Europe

Lisa Smith: Irish police given more time to quiz IS recruit

Lisa Smith was interviewed by the BBC in July
Image caption Lisa Smith was interviewed by the BBC in July

Irish police are to question Irish Islamic State bride Lisa Smith for a further 24 hours after her arrest was extended on Monday morning.

The former member of the Irish Defence Forces is being questioned by gardaí at Kevin Street station in Dublin.

The 38-year-old arrived in Dublin on Sunday morning with her two-year-old daughter, after being deported from Turkey.

She was arrested for suspected terrorist offences.

Detectives are interviewing her under caution about her activities, movements, communications and contacts online and in person in Africa, Europe, the Middle East and Ireland since she converted to Islam several years ago.

Miss Smith can be questioned for up to three days in total by Irish authorities.

Irish broadcaster RTÉ reported that she was offered the opportunity to rest overnight.

Gardaí (Irish police) said her child, who was born in Syria but is an Irish citizen, is being cared for by relatives.

The legislation which allows gardaí to prosecute someone for terrorist offences abroad remains untested.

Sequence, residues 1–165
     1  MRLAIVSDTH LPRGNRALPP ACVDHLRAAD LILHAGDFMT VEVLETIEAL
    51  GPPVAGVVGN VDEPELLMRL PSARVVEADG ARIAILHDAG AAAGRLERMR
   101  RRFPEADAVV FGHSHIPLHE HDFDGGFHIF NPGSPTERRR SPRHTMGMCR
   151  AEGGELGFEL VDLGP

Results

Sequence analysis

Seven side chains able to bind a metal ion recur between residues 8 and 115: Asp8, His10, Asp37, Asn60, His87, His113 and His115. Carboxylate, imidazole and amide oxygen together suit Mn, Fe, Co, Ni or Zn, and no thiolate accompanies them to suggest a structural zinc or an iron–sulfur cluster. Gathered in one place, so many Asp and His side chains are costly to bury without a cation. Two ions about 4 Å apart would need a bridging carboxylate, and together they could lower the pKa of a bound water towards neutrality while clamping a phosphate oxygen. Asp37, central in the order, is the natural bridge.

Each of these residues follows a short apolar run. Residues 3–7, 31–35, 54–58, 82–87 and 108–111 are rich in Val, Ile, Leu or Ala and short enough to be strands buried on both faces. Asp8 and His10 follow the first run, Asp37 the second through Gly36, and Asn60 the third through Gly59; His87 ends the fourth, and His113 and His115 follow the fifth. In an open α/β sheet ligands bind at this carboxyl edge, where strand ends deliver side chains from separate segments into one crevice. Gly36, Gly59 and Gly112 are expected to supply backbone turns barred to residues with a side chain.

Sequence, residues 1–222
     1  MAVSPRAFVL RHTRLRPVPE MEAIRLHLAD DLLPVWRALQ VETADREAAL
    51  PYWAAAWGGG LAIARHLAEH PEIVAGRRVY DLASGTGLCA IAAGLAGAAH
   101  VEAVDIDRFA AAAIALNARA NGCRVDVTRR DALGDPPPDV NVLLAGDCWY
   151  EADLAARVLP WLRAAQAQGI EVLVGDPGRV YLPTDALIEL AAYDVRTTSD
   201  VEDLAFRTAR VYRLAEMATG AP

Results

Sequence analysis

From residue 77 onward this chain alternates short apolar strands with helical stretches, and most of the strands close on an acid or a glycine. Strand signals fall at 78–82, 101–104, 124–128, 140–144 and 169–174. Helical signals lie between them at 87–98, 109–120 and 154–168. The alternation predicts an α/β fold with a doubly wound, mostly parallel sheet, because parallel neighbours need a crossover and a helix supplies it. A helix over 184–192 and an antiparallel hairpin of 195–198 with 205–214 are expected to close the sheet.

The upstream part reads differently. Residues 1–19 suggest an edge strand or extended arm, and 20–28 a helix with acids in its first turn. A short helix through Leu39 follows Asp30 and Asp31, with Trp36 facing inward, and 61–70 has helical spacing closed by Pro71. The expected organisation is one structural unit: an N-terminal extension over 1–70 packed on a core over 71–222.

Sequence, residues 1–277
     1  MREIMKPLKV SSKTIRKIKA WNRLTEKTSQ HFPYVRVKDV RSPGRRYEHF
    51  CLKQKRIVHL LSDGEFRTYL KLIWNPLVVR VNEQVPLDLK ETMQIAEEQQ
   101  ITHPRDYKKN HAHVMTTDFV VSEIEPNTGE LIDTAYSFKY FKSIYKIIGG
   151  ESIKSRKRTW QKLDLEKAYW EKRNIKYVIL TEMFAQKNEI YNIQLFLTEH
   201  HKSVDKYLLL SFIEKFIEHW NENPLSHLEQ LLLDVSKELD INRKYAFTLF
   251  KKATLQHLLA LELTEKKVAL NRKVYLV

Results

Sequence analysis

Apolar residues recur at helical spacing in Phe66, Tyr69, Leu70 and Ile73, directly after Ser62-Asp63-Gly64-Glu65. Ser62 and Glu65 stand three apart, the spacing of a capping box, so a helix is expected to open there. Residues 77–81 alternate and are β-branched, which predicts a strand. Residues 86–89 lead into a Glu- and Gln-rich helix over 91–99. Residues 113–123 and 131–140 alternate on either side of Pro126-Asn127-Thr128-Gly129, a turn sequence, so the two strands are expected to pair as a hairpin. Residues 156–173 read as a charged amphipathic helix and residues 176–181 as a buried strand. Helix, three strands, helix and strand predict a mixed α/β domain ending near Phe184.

It will be for the Irish Director of Public Prosecutions (DPP) to decide if Miss Smith is to be charged or released.

Gardaí are also carrying out a security assessment on Miss Smith, as they have done in the case of five other people who have returned from conflict zones, so that they can be satisfied the Dundalk woman does not pose a threat.

Image copyright RTÉ
Image caption Lisa Smith was brought to a police station after her arrest, covering herself with a pink blanket

In a statement, Irish Minister for Justice Charlie Flanagan said: "This is a sensitive case and I want to reassure people that all relevant state agencies are closely involved."

Miss Smith's solicitor, Darragh Mackin, has said it is too early to tell if a file will be sent to the DPP.

His view is that the evidence is very weak and Ms Smith has a very strong case to make.

Speaking on RTÉ's Morning Ireland today, Mr Mackin said his client has categorically denied being involved in terrorist offences and that "not one witness has come forward" to back up allegations that Miss Smith was engaged in terrorist activities and until such time that someone does, the allegations are hearsay.

The BBC interviewed her in Syria earlier this year.

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Media captionLisa Smith had denied training girls after becoming an IS bride

She said was not involved in fighting and did not train girls to become fighters.

Miss Smith also claimed she had been visited more than once by the FBI for questioning, and agents had taken her fingerprints and DNA.

She had been living with her daughter in a Syrian refugee camp.

The taoiseach (Irish prime minister) Leo Varadkar had previously said she would "certainly" be investigated if she returned to Ireland.

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